By telling these types of stories, Senator Obama did the best job of getting Iowa Democrats to have positive feelings about him.

In The Audacity of Hope and Dreams from My Father and his keynote speech to the 2004 Democratic National Convention (that first brought him to national attention), Senator Obama set out his 'Who am I?' story.

We learn how a black man born in Hawaii to an immigrant father – who himself was born and raised in a small village in Kenya and “went to school in a tin- roof shack” - and a white, single mother struggled with a multiracial background and a broken home gained a world-class education and went on to become the first black man to edit the Harvard Law Review. This is a uniquely American story of identity and hope: Obama embodies the notion that new things - change – can happen in America.

Obama’s '”why am I here?” stories explain why and how he would: promote innovation and upward social mobility; protect workers against the consequences of globalisation; ensure that more people can have access to healthcare; build a better “safety net” for poorer people; cut taxes for low income senior citizens and repeal tax cuts for the wealthiest 1 percent of Americans; and crucially, widen access to education.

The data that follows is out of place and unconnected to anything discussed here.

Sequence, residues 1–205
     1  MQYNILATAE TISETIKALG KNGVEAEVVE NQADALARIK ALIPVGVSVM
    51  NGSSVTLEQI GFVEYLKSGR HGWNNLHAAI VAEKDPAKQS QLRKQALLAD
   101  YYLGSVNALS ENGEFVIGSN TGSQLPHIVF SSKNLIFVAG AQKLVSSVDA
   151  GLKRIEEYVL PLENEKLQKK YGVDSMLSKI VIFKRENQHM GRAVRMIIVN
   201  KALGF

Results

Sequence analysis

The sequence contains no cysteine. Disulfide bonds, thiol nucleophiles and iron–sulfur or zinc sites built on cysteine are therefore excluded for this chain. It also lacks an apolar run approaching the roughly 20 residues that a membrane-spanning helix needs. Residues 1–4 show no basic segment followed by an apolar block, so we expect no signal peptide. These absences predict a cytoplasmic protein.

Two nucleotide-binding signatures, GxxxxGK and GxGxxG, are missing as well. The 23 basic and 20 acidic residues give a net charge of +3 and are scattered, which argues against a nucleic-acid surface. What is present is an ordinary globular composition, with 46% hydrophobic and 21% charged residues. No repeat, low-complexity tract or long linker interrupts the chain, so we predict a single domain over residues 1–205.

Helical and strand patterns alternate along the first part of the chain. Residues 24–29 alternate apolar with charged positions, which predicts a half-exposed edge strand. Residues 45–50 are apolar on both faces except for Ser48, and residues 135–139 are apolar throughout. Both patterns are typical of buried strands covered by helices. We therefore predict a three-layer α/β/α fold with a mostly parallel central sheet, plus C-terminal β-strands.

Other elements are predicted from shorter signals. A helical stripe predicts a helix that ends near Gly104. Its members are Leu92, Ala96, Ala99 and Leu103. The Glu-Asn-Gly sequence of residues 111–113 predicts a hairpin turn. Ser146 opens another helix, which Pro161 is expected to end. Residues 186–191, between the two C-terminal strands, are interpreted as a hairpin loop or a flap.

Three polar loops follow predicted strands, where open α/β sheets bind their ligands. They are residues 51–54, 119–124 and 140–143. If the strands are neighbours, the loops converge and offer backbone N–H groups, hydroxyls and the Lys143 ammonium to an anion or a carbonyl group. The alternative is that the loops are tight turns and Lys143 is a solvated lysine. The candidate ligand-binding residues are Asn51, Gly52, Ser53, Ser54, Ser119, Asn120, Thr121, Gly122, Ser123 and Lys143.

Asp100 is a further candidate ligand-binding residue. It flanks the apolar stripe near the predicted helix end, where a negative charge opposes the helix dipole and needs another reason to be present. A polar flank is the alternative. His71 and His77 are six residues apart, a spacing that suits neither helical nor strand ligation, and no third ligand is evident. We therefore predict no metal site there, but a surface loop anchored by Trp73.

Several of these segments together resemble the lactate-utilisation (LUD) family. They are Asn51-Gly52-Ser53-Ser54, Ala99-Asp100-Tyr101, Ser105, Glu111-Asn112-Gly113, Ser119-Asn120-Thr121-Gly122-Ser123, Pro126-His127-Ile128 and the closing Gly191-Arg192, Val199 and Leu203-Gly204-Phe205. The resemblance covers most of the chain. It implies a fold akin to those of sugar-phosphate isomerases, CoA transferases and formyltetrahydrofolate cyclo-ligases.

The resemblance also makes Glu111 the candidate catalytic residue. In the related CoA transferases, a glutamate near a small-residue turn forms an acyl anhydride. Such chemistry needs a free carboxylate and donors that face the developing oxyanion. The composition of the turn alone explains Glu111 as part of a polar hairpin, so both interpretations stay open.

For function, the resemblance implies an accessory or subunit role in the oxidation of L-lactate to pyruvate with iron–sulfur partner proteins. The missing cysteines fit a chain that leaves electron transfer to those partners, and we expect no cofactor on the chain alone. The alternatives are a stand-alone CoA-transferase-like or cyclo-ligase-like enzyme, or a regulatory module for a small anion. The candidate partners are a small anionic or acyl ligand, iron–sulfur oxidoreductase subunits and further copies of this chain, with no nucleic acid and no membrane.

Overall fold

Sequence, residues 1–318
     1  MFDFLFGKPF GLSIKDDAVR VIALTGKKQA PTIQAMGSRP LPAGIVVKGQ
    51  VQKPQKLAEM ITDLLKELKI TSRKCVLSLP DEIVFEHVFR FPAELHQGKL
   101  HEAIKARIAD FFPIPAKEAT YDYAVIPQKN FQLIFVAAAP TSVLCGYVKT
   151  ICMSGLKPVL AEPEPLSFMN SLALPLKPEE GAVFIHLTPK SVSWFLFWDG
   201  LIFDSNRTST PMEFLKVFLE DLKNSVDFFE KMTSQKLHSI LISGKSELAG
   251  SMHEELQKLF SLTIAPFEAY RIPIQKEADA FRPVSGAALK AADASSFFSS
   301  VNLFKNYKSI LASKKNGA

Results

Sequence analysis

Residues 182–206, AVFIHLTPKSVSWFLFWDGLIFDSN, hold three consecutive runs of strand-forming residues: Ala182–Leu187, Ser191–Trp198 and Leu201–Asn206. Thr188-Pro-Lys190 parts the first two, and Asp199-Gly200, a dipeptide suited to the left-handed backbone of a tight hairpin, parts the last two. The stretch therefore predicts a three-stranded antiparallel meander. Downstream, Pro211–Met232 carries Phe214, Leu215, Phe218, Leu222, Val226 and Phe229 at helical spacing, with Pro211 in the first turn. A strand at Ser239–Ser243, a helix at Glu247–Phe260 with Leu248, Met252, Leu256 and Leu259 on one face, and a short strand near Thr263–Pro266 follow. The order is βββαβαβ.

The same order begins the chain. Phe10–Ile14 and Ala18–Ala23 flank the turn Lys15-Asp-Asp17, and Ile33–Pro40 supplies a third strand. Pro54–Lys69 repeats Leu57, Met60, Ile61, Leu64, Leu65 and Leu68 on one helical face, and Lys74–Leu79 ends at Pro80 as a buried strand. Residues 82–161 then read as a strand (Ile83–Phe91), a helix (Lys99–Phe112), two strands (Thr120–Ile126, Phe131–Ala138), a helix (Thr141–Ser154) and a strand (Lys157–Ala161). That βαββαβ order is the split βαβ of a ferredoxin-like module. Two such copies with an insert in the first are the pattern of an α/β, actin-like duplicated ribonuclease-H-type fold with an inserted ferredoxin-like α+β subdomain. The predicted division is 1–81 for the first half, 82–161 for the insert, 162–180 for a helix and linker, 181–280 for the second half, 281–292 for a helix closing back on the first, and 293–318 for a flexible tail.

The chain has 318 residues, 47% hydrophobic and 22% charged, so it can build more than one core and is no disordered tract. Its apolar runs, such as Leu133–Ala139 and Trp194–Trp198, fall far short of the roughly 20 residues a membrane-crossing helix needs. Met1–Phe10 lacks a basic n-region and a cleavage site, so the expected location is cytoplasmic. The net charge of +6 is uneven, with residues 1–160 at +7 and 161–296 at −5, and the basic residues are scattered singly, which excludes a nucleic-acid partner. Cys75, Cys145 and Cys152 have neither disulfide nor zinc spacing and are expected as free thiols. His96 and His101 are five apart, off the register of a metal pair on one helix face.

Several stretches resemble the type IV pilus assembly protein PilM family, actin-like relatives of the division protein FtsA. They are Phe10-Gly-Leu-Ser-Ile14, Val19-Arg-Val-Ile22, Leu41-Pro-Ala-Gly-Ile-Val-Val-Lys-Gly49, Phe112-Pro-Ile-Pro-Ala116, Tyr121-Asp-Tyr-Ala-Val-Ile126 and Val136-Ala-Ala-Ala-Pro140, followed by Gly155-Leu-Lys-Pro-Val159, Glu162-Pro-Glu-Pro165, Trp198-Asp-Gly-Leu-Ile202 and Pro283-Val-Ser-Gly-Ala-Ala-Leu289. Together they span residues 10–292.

By telling these stories, Obama sets out his vision : “with just a slight change in priorities, we can make sure that every child in America has a decent shot at life and that the doors of opportunity remain open to all”.

One archetype he taps into is a sense of possibilities – hope, aspiration and opportunity. Another, closely linked archetype is a transformation, a cleansing by rejecting the "old" and tarnished (in this case, politics) in favour of the “new”. (“There’s not a black America and a white America . . . a liberal America and a conservative America . . . there’s a United States of America”) Obama’s story is that he can end the bitter culture wars, as embodied by the Bushes and Clintons, and unite the nation around a common purpose.

Yes, politics in this country and in the US work differently. But both cultures rely on stories and archetypes.

So why do so many British politicians – and yes, I’m thinking here about Liberal Democrats - insist on giving us lists of policies instead of telling stories that would be so much more powerful?

Footnote: In this interesting piece, Ruth Marcus of The Washington Post says that "what was striking . . . was the pull of Obama's optimistic, inclusive message and the way his well-oiled field operation was able to translate that appeal into caucusgoers". She argues that Senator Obama and Mike Huckabee, victor in the Republican caucuses, both won because they talked about rising above partisanship to unite the country and solve its problems.